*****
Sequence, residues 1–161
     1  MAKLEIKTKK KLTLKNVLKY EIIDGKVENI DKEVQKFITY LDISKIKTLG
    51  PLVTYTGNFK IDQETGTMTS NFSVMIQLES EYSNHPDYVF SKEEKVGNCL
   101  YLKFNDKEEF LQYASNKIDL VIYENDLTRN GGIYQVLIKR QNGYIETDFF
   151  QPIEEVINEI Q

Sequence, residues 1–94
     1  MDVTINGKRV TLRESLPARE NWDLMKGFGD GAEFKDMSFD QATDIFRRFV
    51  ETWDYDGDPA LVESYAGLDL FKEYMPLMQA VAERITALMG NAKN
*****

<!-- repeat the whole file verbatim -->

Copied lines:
Sequence, residues 1–161
     1  MAKLEIKTKK KLTLKNVLKY EIIDGKVENI DKEVQKFITY LDISKIKTLG
    51  PLVTYTGNFK IDQETGTMTS NFSVMIQLES EYSNHPDYVF SKEEKVGNCL
   101  YLKFNDKEEF LQYASNKIDL VIYENDLTRN GGIYQVLIKR QNGYIETDFF
   151  QPIEEVINEI Q

Sequence, residues 1–94
     1  MDVTINGKRV TLRESLPARE NWDLMKGFGD GAEFKDMSFD QATDIFRRFV
    51  ETWDYDGDPA LVESYAGLDL FKEYMPLMQA VAERITALMG NAKN